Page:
The straight line set up would work better in my opinion because it offers the possibility for a better sound balance than the U shape. At the ends of the U shape formation, the closer brass players will stand out in the mix too much.

Also with the straight formation, you can place mics behind the players to catch the directionality of the bell sound. Don't mic any horns closely but use zone type of micing.

Then when you make your mix, use a good amount of reverb to simulate a hall sound. Outdoor recordings, by definition without a real acoustic, take reverb very well and can sound quite pleasant.
Old 4 weeks ago
  #6
Gear Addict
 
apotheosis's Avatar
 
🎧 5 years
Brilliant feedback, thank you all, this helps me a lot.
Old 4 weeks ago
  #7
Lives for gear
 
🎧 10 years
Brass outdoors without building reflections can sound airless and flat. So embrace the reflections and maximise your capture of the reflections ability to blend the instruments. Don’t record so far back that it sounds washy and detail is lost. Omni mics will help a lot, and they will be less prone to wind noise than directional mics- but still use good windsocks !

NB...a few more thoughts...if the horns' bells are facing back into the U shape boundary, you'll get the desired bounce of indirect sound, and a recommended way of covering (I think it was Richard King's book) is to mic horns from directly overhead...you'll get a blend of 'somewhat direct' bell sound plus wall bounce. That won't help with the other brass, which will benefit from a more 'above and in front' location (or BLM/PZM on the floor...don't forget that possibility !)

Fortunately, because of the height of these 'area mics' (assuming a pair above horns, and a wider main pair out front and up high, or PZM), they should be out of camera frames, so video operators will be placated ? Tall stands, long boom arms ...and plenty of sandbags !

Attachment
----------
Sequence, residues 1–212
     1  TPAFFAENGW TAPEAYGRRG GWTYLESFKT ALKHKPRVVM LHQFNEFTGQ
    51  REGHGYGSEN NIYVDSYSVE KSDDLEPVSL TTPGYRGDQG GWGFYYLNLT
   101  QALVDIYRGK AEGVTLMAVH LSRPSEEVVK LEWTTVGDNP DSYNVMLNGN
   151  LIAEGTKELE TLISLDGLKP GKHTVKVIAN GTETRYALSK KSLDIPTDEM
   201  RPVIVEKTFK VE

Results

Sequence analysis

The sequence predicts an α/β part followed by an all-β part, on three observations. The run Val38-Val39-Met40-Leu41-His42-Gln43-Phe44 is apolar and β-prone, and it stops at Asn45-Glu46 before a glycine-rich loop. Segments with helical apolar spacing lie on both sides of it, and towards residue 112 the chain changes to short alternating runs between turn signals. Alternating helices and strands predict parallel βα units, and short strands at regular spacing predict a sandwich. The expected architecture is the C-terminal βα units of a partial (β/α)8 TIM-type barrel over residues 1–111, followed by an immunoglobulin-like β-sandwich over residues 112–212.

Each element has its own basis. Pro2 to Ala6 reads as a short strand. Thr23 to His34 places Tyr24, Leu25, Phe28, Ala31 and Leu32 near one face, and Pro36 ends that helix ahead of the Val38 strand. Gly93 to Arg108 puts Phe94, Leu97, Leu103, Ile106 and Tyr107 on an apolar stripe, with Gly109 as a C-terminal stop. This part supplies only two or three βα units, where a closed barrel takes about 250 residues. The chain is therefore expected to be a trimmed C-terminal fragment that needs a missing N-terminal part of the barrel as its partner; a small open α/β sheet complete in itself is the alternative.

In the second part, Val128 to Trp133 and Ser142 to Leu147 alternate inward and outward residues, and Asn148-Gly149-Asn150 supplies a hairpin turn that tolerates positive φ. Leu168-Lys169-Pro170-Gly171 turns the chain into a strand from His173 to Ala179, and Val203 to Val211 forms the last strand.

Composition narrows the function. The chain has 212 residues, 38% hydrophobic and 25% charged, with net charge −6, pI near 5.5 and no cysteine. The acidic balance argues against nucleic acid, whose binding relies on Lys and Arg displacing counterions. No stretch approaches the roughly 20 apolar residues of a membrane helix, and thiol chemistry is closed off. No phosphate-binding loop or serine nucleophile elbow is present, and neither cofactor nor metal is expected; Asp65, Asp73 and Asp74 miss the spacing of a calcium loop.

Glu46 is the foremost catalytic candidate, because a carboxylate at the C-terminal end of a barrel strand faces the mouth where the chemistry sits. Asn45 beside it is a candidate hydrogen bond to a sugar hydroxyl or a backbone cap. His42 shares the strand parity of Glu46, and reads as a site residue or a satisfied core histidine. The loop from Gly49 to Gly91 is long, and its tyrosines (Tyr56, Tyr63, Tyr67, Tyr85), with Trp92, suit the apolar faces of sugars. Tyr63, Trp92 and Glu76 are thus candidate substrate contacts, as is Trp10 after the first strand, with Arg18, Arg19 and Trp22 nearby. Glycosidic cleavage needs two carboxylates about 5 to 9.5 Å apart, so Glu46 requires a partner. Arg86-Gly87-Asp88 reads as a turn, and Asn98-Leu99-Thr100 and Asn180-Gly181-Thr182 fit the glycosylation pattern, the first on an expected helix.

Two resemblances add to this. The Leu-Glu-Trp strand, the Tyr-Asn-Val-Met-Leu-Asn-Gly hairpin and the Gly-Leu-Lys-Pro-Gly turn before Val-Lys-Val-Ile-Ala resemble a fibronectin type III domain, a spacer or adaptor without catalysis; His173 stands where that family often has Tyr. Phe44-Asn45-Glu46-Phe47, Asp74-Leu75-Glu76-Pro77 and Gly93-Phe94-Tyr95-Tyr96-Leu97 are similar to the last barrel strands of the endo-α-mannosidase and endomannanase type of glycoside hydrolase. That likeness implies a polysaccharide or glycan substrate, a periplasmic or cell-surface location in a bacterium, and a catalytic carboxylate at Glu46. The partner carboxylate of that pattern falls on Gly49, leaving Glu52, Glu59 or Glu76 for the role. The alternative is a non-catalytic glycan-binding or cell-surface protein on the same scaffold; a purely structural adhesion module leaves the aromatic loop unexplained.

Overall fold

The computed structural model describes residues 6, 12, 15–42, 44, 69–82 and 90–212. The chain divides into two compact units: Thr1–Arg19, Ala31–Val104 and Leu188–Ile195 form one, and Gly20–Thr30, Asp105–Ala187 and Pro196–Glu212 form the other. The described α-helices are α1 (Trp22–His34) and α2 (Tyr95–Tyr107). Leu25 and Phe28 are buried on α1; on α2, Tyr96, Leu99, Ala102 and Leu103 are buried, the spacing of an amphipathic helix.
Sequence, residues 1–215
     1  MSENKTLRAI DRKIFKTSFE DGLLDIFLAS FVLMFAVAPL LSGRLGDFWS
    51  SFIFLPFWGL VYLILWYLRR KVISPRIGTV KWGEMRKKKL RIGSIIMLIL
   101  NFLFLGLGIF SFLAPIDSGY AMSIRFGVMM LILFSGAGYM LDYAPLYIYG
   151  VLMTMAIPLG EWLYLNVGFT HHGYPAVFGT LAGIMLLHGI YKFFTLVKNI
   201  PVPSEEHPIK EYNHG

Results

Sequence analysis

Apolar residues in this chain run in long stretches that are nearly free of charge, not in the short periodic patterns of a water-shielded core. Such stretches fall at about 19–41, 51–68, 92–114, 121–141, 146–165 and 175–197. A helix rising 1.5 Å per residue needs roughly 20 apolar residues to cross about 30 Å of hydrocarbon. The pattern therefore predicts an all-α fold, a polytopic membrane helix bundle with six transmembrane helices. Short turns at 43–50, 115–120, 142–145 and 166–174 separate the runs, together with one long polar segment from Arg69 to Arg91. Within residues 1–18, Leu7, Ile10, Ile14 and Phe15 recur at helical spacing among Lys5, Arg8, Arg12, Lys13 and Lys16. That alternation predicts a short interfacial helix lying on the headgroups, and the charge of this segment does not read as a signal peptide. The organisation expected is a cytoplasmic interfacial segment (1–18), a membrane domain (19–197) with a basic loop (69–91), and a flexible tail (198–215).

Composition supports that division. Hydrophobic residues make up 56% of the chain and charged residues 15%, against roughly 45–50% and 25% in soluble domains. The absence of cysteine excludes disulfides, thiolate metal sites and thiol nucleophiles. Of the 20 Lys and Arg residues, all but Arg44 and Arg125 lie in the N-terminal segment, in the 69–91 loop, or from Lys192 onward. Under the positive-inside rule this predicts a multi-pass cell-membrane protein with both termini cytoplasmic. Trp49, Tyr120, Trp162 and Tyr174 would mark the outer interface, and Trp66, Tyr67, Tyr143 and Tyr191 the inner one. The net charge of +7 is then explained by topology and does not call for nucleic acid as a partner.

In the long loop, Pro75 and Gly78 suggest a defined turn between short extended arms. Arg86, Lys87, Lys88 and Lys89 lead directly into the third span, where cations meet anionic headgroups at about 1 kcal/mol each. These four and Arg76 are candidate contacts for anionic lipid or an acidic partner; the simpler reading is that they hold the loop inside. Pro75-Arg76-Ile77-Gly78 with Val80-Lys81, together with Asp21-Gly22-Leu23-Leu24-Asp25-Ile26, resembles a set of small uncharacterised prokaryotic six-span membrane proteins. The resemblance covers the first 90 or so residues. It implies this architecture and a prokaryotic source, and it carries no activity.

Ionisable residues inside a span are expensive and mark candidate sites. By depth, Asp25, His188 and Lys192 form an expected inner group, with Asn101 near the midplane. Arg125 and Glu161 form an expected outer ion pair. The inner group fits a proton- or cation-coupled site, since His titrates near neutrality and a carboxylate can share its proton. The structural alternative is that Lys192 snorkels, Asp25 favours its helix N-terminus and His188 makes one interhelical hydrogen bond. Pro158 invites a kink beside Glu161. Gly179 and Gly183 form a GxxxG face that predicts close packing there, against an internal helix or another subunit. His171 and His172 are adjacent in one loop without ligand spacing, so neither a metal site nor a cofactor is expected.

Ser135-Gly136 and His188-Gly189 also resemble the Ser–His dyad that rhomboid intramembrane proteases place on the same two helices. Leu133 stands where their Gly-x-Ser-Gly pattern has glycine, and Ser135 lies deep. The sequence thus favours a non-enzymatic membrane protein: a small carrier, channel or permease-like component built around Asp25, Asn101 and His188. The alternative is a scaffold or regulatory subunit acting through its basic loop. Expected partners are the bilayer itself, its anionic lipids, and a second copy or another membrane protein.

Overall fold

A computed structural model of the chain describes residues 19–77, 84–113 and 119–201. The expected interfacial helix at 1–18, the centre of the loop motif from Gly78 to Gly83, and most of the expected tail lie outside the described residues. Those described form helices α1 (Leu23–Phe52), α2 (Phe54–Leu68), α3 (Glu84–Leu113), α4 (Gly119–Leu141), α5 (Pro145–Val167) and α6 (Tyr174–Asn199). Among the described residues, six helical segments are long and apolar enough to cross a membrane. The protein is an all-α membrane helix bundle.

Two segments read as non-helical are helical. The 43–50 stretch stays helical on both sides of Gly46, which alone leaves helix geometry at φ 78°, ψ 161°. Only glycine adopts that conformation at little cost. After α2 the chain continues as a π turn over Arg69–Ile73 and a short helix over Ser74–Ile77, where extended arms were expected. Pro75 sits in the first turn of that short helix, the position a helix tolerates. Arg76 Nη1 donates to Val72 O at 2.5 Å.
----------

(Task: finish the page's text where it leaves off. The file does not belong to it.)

Alternatively, consider an arangement similar to a lighting truss above the players (but with a single horizontal pole, rather than the latticed 'ladder' shown in the pic below....and hang mics from the pole overhead.

For the number of players you mention, a set of 4-5 mics would cover the whole ensemble, especially if they are in a straight line, and put the stand above the bell of the trumpets/trombones. This should give you a representative blend of all the brass...on a single bar !

You can probably hire the stands (and pole) if your mic stands aren't sufficient. It may look overkill, but with some helpers you could set it up and take it down quite quickly, and pre-attach cables to the pole before the event, or at a rehearsal.

Have a variety of mic pairs...omni and cardioid (regular or wide).... and use whichever sounds best, with the caveat that no amount of foam windsocks (even doubled up, one inside another) are going to stop wind buffeting in SD cardioids outdoors, so Rycotes are really the only way.

Experiment at home by running cables outdoors and mic the garden ambience in light to moderate breeze, verify the results for yourself... well before the events !
Attached Thumbnails
Outdoors horn ensemble-truss_lg__.jpg  

Last edited by studer58; 4 weeks ago at 02:14 AM..
Old 4 weeks ago
  #8
Lives for gear
 
🎧 5 years
Use a bit of slap if there is none
A short delay sounds good on brass, especially if the sound field is reversed.
Point source is best, detail is King.
Old 3 weeks ago
  #9
Lives for gear
 
🎧 10 years
Possibly not suitable for your needs, but somewhere on the forum is a photograph of John Dunkerley (Kingsway) of Decca, recording London Brass seated in a circle (I think a Decca tree is in use) which also presents the opportunity for miking horns/tuba from the rear from the outside of the circle.

I guess translating this into stereo would need to be given a little thought, which for my tired brain, here at 1:45am, is just a tad too much at the moment to finalise!